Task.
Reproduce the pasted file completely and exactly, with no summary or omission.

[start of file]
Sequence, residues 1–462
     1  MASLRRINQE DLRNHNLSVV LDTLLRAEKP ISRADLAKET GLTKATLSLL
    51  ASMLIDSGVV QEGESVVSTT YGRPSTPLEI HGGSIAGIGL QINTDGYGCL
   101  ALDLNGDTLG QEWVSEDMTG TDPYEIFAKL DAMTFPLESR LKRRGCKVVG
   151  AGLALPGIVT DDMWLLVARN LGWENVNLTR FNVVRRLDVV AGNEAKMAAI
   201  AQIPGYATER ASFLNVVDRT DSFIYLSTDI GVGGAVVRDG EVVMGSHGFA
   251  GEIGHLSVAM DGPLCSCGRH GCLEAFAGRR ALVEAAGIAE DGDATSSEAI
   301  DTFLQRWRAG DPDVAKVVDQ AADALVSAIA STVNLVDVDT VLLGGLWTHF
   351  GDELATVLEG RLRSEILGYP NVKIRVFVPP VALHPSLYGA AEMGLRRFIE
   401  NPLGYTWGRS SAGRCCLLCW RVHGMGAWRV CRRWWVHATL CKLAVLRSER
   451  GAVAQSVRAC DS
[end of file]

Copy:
Sequence, residues 1–462
     1  MASLRRINQE DLRNHNLSVV LDTLLRAEKP ISRADLAKET GLTKATLSLL
    51  ASMLIDSGVV QEGESVVSTT YGRPSTPLEI HGGSIAGIGL QINTDGYGCL
   101  ALDLNGDTLG QEWVSEDMTG TDPYEIFAKL DAMTFPLESR LKRRGCKVVG
   151  AGLALPGIVT DDMWLLVARN LGWENVNLTR FNVVRRLDVV AGNEAKMAAI
   201  AQIPGYATER ASFLNVVDRT DSFIYLSTDI GVGGAVVRDG EVVMGSHGFA
   251  GEIGHLSVAM DGPLCSCGRH GCLEAFAGRR ALVEAAGIAE DGDATSSEAI
   301  DTFLQRWRAG DPDVAKVVDQ AADALVSAIA STVNLVDVDT VLLGGLWTHF
   351  GDELATVLEG RLRSEILGYP NVKIRVFVPP VALHPSLYGA AEMGLRRFIE
   401  NPLGYTWGRS SAGRCCLLCW RVHGMGAWRV CRRWWVHATL CKLAVLRSER
   451  GAVAQSVRAC DS